Slow Fashion and Why It Matters

Back to school shopping has got us thinking… Is there a more environmentally-friendly way to shop and source apparel? The answer is yes, yes there is! In a world of instant-gratification anddisposability, unfortunately the fashion world and apparel production has fallen victim. With cheap prices and low-quality materials, clothing is essentially viewed as disposable these days. According to research, Americans purchase a new piece of clothing every five days and sadly 90% of our clothing is thrown away before it needs to be. Hence the name “fast fashion.”

What is slow fashion?

The good news is there are businesses out there who are taking a stand for slow fashion. Slow fashion is an approach to producing clothing which takes into consideration all aspects of the supply chain and in doing so, aims to respect people, the environment, and animals. It also means spending more time on the design process, ensuring that each piece of apparel is quality made. Fast fashion retailers have taught us that more is better, and thereby have created a huge consumption issue. The fast fashion industry is driving down quality, exploiting the environment and their workers to create cheap garments that do not last. Slow fashion is the exact opposite of this. It’s about creating mindful, curated collections based on quality finishes, versus pumping out large quantities of seasonal and trendy clothing.

What to look for?

When clothing shopping, one easy way to see if a product or business abides by earth-friendly practices is to look for the term ‘B-Corp.’ According to the B-Corporation website, it states that there approximately 70+ certified B Corporations in the fashion space in North America. There are likely not more Certified B-Corps in the fashion industry because it’s an extremely hard certification to gain - and for good reason! To become a Certified B-Corp, apparel brands and companies alike need to demonstrate that they are committed to balancing profits with a purpose that has a positive impact on the community and meets high environmental and transparency standards. For fashion brands (and other companies) to receive B-Corp Certification, they are measured on various aspects of their business, including governance, workers, community and engagement.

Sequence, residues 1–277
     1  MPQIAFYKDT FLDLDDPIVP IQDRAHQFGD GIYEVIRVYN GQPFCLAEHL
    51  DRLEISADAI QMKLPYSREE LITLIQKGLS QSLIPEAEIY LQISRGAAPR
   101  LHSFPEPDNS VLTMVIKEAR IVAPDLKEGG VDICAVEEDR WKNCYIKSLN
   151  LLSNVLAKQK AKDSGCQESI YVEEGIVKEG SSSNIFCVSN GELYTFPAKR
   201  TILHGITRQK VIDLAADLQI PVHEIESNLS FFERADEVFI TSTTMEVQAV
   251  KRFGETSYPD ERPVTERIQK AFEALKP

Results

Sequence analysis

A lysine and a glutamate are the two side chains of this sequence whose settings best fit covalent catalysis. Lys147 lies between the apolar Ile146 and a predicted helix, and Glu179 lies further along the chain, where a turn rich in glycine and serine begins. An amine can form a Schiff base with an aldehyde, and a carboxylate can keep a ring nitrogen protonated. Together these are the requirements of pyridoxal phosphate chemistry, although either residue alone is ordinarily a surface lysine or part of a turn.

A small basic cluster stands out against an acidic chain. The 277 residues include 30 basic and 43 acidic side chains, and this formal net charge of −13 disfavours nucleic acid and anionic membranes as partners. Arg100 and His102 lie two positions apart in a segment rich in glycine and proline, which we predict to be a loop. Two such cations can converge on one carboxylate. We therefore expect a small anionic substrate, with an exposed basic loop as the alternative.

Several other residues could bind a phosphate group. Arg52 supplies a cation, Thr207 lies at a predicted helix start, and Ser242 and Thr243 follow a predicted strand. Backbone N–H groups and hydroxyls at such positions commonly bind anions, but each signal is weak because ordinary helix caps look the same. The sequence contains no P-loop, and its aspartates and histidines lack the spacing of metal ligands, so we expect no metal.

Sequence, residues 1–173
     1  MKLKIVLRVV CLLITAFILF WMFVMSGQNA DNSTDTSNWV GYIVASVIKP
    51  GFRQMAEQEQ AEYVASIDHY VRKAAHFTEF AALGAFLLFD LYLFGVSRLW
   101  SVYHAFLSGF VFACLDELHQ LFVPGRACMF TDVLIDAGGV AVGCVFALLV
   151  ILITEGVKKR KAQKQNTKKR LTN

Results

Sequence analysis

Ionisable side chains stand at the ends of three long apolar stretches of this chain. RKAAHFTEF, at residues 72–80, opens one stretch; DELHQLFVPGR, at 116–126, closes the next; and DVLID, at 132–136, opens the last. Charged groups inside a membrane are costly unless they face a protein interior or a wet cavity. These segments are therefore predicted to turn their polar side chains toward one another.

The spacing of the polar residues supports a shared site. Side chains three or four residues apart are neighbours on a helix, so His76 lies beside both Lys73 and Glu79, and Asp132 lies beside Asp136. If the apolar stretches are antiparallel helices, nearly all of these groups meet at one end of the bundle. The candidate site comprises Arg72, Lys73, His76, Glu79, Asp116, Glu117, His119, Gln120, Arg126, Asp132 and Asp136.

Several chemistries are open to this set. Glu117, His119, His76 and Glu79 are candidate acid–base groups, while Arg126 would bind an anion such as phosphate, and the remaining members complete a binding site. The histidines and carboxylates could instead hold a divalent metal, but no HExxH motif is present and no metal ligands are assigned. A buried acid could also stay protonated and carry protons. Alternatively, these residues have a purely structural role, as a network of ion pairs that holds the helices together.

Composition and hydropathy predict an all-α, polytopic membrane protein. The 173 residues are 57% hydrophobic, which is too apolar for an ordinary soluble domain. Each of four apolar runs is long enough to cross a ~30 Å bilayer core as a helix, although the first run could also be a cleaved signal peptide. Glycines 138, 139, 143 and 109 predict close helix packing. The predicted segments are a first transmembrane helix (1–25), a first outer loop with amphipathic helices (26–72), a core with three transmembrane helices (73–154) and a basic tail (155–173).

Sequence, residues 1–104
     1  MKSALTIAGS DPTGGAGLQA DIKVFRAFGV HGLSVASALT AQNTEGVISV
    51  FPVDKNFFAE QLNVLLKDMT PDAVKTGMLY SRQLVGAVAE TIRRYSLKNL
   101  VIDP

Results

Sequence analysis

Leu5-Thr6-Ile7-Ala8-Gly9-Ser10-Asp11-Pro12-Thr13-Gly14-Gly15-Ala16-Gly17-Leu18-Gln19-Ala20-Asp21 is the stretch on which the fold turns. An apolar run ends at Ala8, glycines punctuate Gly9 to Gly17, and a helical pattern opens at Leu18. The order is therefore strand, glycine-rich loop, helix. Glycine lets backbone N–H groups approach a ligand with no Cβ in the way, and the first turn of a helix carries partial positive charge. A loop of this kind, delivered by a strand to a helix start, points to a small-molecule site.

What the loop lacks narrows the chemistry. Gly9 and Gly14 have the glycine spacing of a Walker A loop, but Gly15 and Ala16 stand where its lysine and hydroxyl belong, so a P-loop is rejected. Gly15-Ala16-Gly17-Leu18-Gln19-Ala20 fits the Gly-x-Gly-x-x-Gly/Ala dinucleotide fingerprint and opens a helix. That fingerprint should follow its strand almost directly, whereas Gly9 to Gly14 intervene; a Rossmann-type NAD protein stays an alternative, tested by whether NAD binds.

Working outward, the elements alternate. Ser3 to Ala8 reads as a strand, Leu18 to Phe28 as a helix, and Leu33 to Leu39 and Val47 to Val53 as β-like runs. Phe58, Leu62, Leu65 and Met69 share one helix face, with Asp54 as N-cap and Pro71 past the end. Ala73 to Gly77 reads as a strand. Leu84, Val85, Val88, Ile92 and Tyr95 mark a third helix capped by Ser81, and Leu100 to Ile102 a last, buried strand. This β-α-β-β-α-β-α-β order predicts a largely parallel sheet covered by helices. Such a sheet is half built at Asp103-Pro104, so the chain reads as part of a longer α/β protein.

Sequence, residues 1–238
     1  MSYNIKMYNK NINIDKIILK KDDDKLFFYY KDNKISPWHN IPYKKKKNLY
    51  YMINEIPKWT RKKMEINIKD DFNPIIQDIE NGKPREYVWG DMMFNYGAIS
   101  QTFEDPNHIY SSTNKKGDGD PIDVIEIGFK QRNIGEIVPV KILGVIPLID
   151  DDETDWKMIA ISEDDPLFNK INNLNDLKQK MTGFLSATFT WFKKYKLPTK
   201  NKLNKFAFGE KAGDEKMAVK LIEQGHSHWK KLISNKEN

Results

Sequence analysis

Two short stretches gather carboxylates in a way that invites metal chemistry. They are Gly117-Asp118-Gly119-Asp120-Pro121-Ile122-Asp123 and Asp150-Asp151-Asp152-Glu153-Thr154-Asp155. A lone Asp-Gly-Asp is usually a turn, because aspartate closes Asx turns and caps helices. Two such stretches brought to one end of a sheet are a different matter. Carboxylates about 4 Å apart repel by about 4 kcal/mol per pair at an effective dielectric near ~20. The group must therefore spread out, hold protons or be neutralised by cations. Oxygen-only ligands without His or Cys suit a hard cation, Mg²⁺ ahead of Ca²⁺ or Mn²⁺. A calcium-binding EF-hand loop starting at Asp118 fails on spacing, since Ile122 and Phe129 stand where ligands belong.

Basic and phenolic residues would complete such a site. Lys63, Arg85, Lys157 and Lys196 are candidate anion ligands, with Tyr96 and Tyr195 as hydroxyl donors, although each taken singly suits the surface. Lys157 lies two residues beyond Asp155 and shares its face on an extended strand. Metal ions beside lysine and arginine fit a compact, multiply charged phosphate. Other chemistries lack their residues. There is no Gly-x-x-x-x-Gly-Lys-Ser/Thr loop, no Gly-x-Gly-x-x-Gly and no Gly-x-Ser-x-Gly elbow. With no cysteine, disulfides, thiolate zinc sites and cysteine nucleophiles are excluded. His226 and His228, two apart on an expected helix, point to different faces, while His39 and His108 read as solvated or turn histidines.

There are numerous benefits of becoming a Certified B-Corp for both companies and consumers. From a business perspective, it allows customers to trust that their actions are consistent with all the standards advertised. You can trust what you’re seeing as the company’s values and actions are vetted. That said, it is a thorough process to go through to get qualified, and companies need to renew their certification every three years. Businesses are constantly having to consider how their business impacts everyone along the way, not just shareholders. This includes supply chain, processes at office headquarters, materials used, etc.

Shopping and consuming, mindfully.

Creating a more sustainable fashion industry requires a multi-faceted approach. It’s such a broad issue that touches all areas of the apparel supply chain - from raw materials to the end of lifecycle of a garment. First, we encourage you as consumers to actively become more curious and intentional with your clothing purchases. Thirty years ago, we each owned way less items in our closet on average and it’s found that people only wear 20% of the clothes in their closet. Take a mindful approach to clothing shopping by purchasing only what you need, investing in trendless pieces vs. trendy and focusing on quality over quantity.

Secondly, there needs to be more regulation, accountability, and transparency in the fashion industry. It is still a very secretive industry, with many brands hiding where they produce, what they pay and how workers are treated. Forcing brands to be accountable for their actions in countries other than their own, is a big step towards intensifying big brands to pay living wages and to be more accountable for working conditions in the garment industry. If there’s no accountability on the brand’s part, it’s too easy for fashion brands to not take an interest in the full lifecycle of their garment production.

Finally, the media needs to bring more attention and awareness to brands that are doing good things in the fashion industry. There are thousands of small batch and slow fashion brands globally that have emerged with ethical supply chains over the past decade. Featuring more up and coming brands who have genuine sustainability and ethics built into the core of their business model will create awareness and showcase that problems need to be solved, and help consumers make better choices.